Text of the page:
Tai Chi

Tai Chi Chuan (“great boundless fist”) is now the most popular trend of the Chinese martial arts, although there has been virtually no knowledge of it up until early twentieth century. Presently, it is the most theoretically substantiated kung fu style in the world. Paradoxically, today’s notion about tai chi is almost as limited as back in early 1900s. The fault lies with the lightweight and totally superficial approach to studying this art. Most people nowadays practice not tai chi, but a tai chi-style gymnastics hoping it would give them some kind of result. They cannot say what kind of result they are expecting since they have never seen one. At the same time, they would talk excitedly about the principles of this fine art and how it improves a person’s living if applied correctly. The key words here are “if applied correctly”. Commonly, it never comes to that.

A passion for strictly theoretical perception of life can kill the life itself and there are millions of examples to it. It never ceases to amaze how everybody talks about tai chi circular and fluid movements and about this great effect of wellness. Let me ask, where is this effect? Most of these self-proclaimed tai chi masters do not look particularly healthy and that is to put it mildly. A significant amount of extra weight; lack of flexibility, coordination, and stamina; and failure to apply their claims in practice - you have to agree, this should not describe a person practicing tai chi. If you only have a purely theoretical idea of how to turn a piece of meat into a good steak, you have a fair chance to end up starving. Because knowing is not enough, you need to act – by the way, these are the words of Bruce Lee, the great master of martial arts. If anyone, you can trust him. In fact, most people today equate tai chi to a beautiful exotic dance, at best, and do not take this exercise seriously, considering it totally impractical. How else would you explain why those who are into karate tend to have condescending grins on their faces every time the conversation comes to use of tai chi in the real world? It is the same problem all over again: using tai chi as relaxation gymnastics without putting all of its inherent applications into practice leads to abstract theorizing and brings zero results.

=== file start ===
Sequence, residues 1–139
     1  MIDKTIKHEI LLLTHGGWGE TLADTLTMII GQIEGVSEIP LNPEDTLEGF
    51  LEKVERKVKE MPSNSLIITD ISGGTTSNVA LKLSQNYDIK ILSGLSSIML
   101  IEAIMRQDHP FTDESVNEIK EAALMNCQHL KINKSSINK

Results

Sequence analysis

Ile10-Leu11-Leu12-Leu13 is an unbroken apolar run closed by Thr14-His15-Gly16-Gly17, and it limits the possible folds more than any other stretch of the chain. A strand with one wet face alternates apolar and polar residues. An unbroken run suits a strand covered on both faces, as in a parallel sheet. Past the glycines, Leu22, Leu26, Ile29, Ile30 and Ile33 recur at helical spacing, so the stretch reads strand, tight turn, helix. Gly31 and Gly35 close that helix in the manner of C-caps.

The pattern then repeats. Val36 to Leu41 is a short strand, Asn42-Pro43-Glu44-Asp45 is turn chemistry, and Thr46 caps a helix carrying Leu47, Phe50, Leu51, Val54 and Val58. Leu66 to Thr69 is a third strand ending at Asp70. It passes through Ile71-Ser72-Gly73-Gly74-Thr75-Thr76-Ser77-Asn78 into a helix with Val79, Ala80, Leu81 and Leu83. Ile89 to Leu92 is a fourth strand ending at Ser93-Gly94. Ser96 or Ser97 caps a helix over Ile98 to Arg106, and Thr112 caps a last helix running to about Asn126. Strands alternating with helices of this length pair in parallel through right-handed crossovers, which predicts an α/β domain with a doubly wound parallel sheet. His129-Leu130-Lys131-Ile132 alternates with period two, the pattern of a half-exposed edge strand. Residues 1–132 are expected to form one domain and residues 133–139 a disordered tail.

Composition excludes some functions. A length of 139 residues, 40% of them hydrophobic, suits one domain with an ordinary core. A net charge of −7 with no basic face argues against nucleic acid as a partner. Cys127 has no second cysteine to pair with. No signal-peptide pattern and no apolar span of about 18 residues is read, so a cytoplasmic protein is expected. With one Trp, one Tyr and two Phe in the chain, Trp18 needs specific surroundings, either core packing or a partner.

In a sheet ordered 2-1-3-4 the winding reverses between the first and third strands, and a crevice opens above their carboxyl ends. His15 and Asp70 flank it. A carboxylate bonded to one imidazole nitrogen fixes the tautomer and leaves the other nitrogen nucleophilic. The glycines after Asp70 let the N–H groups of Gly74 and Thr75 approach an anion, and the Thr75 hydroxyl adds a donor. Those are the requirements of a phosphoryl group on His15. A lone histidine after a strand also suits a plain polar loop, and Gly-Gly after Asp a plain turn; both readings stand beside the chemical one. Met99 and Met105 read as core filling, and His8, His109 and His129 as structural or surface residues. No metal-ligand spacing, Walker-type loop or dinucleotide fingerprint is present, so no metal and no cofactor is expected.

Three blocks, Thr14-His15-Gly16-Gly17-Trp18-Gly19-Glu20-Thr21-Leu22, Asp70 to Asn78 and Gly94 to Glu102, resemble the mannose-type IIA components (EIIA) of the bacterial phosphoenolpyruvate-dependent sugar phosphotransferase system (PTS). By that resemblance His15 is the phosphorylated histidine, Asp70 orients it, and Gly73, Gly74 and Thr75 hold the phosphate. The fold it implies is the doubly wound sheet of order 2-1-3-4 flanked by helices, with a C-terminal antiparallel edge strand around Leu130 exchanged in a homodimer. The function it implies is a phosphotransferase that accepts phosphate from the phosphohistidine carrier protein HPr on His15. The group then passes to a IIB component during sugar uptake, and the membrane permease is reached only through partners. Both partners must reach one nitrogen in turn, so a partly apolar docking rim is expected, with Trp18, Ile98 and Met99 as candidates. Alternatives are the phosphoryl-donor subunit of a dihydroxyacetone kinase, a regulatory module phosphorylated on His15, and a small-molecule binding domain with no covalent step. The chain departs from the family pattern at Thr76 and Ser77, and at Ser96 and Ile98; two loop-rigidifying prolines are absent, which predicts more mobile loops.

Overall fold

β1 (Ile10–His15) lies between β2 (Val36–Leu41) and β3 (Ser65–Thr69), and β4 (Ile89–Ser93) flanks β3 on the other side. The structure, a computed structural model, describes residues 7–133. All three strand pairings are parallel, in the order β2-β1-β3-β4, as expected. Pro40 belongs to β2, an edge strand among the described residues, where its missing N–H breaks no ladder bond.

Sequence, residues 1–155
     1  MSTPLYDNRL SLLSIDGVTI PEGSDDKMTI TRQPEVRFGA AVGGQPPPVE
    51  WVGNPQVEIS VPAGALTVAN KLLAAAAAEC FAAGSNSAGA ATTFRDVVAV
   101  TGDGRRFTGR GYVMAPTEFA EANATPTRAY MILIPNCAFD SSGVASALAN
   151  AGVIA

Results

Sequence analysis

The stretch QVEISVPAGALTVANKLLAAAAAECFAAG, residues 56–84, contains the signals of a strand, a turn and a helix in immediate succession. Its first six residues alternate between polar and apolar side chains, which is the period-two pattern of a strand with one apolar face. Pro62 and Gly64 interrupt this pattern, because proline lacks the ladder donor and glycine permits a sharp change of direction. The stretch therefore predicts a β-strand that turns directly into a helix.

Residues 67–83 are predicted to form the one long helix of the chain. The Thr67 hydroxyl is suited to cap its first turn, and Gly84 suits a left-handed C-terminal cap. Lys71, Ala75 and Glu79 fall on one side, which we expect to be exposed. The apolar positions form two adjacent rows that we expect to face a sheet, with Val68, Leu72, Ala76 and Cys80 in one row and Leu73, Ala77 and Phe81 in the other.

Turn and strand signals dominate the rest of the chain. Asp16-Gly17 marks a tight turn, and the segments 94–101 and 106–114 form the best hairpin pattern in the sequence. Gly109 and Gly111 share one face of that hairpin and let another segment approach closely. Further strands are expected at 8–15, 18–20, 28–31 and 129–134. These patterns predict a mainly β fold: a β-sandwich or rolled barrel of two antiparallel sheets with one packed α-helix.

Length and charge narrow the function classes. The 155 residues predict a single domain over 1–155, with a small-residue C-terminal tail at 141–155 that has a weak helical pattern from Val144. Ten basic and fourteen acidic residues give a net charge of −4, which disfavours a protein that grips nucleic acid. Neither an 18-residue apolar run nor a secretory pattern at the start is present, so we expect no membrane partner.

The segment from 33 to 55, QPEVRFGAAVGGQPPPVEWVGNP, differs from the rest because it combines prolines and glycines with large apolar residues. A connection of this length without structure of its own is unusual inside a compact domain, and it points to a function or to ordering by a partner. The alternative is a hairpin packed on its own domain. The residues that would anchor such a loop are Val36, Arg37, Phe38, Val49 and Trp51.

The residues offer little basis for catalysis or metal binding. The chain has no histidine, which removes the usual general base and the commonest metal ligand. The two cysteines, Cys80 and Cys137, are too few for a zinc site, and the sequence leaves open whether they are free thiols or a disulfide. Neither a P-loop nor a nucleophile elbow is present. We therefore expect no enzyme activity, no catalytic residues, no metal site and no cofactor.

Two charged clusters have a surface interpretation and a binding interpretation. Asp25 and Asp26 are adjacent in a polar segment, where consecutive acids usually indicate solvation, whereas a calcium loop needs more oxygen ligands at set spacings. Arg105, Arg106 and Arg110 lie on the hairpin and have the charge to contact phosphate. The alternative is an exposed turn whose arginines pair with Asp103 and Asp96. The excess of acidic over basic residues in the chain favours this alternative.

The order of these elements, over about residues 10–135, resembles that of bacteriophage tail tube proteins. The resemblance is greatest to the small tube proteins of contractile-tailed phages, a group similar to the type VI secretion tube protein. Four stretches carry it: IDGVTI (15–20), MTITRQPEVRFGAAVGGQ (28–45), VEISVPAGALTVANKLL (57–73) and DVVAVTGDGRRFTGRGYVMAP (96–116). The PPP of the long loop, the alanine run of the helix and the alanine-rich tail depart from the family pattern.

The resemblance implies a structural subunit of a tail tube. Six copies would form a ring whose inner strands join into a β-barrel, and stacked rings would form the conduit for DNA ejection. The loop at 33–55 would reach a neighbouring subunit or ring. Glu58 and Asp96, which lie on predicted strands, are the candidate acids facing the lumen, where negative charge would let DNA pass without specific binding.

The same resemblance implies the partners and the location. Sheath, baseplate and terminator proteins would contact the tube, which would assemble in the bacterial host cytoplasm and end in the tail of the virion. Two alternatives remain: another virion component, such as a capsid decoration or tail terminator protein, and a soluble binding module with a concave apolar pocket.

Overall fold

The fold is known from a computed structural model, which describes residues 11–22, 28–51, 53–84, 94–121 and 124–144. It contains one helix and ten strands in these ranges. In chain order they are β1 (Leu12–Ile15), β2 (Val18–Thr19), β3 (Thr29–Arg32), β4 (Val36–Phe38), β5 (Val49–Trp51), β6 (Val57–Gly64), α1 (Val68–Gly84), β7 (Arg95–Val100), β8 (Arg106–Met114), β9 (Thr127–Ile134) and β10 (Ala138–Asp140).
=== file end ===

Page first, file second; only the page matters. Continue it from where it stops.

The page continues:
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Fortunately, there is another side to it. Anybody who has tried to practice traditional tai chi at least once understands that it is not a simple relaxation exercise, but a great practical art, the study of which aids a man in finding his own self, revealing his potential, and reaching self-fulfillment in his life. The ability to stand up for oneself is a positive side effect of tai chi practice that will show itself immediately once the matter is taken seriously.

In combat, tai chi offers different standards than other types of martial arts focused on use of muscle power. Instead of blocks and strikes, it studies the principles of motion and methods of effort application. Roundness of movements is another feature that singles tai chi out among other martial arts. This is precisely the form of action that facilitates natural expression of strength in a human body.

Tai chi practice takes years of training and lengthy mastering of basic principles. It is nothing like fitness: it requires total concentration of attention in every training session, dedication, hard work, and lots of patience. Because of this, one must understand clearly that this martial art is quite complex and to master it requires a competent mentor. Though, please remember that, no matter how good your teacher is, a shallow attitude will not bring you any results! Do it consciously and always stay in the present moment.

Author: Valery Prosvirov. Head master of Golden Dragon school


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